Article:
Ena Sendijarevic’s Dutch-Indonesian film Sweet Dreams can be easily relocated to India during British rule. In fact, we have had cinema and literature abounding in similar narratives of colonial entitlement and the concomitant exploitation of the natives. What sets Sendijarevic’s gaze at colonialism apart is its refusal to pander to the usual binaries of good and bad, hero and villain, oppressed and the oppressor. There is a refusal to straitjacket things which makes for a far more intriguing exploration; one which oscillates between the horrifying and the fascinating, one in which the victim might turn out having agency with the victimizer ending up a fool.
Sweet Dreams has been chosen as The Netherlands’ official entry for the International Feature Film award at the 2024 Academy Awards. Situated in a remote fictional Indonesian island, the film is about a Dutch sugar plantation owner Jan (Hans Dagelet) and his wife Agathe (Renee Soutendijk) lording over the local inhabitants in the name of bringing civilisation, discipline and culture to the supposedly brute beings. A mission of God as they call it. Sendijarevic comes to the point quickly after setting up the scenario.
So, Jan drops dead one night on returning to Agathe from his daily sojourn with his local housemaid and concubine Siti (Hayati Azis). Desperate to maintain status quo which helps her hold on to the power and the privileges, Agathe coaxes her estranged son Cornelis (Florian Myjer) and his wife Josefien (Lisa Zweerman), to travel from Europe and take over the family estate, plantation and the factory. But that isn’t going to be a cakewalk with the workers uprising and Jan’s will bequeathing all the assets to Karel (Rio Kaj Den Haas), his young illegitimate son from Siti.
The first thing that strikes one about Sweet Dreams is the sumptuousness of its frames and the way the light suffuses them, be it the dense verdant forest or the ornate, opulent interiors of the estate. But all of it has more meaning than the beauty that meets the eye.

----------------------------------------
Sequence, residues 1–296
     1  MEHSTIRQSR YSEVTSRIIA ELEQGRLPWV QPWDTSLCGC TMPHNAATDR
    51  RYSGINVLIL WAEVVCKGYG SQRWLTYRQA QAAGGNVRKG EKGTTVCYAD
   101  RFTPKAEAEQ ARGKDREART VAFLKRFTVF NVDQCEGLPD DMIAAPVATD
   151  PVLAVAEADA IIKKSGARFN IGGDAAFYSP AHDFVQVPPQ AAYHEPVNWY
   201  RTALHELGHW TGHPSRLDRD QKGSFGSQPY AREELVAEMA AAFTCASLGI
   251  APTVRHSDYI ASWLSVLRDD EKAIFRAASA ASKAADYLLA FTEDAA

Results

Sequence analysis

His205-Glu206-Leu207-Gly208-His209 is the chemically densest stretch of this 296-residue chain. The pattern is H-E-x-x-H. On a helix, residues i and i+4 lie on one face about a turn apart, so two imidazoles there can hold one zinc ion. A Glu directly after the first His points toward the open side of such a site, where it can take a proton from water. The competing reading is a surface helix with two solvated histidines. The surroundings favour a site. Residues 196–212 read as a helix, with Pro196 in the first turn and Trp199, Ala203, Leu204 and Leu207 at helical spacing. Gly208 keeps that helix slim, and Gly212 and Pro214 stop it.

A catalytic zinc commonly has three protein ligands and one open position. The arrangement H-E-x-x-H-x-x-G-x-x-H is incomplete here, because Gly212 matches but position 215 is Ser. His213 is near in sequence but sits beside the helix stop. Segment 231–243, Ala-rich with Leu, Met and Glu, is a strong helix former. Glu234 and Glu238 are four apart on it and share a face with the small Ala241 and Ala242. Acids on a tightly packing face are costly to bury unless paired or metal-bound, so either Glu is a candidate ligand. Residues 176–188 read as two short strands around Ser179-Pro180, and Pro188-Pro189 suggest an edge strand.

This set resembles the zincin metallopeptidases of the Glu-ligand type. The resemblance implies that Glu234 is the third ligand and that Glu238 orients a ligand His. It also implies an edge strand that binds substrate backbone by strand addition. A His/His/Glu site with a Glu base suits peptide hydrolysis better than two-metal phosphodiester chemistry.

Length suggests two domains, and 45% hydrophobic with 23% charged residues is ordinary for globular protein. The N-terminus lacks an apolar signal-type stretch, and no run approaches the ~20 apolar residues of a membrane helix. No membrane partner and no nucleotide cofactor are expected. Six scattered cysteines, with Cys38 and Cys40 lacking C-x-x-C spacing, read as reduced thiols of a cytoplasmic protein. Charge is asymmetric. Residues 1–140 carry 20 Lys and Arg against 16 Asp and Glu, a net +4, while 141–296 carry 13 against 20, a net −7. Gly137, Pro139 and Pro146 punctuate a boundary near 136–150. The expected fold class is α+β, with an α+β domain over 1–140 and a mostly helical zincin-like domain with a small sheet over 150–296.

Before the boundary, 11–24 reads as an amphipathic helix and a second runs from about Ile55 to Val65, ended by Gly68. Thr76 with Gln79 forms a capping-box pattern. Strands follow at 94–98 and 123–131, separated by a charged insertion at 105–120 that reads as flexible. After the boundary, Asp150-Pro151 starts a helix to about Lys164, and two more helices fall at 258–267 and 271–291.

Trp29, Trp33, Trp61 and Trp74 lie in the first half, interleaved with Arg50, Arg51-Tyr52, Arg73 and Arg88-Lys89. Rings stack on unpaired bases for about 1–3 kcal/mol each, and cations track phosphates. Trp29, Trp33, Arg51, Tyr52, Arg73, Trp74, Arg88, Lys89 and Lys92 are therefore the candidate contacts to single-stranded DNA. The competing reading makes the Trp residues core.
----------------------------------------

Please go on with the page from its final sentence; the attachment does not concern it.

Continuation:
There is a distinct visual panache and singular sense of mood and atmospherics that permeate the film. It relies on the power of the visual, uses the colour palette to keep offering cues to underscore the reality of the world of the workers (in black) as opposed to that of their masters (clad in white). So, when one of them, Reza (Muhammad Khan), talks about “killing the parasites”, or asks Siti to leave the estate, live in nature like wild animals and build a new life with him, it’s not just a hint but a full-blown prediction of the imminent and welcome demise of colonialism.
Sweet Dreams is rooted in history but plays out like a fable or fantasy or a nightmare if you’d call it that. Sendijarevic uses the power of the deadpan to make a larger political point, be it in the blunt, automated, staccato way in which the story progresses or the deliberately poker-faced performances of the key players.
The characters themselves personify crucial ideas and are repositories of certain values yet can throw a surprise at the audience with an unanticipated turn. Josefien, a typical frail and fragile white beauty, and heavily pregnant at that, may not be able to deal with the heat and the mosquitoes of the tropics but strikes an unusual bond with Reza that forest is a witness to. However, some relationships deserved a deeper exploration, the loving bond between Jan and Karel, for instance. The ensemble is in fine fettle with Azis as Siti capping it with her droll dissent.
Sendijarevic’s film might be a tale that has been oft told, about the power struggles, corruption and chaos of colonialism, but is imbued with a stylistic audacity that engages and beguiles by turn.
Cinema Without Borders
In this weekly column, the writer introduces you to powerful cinema from across the world
Film: Sweet Dreams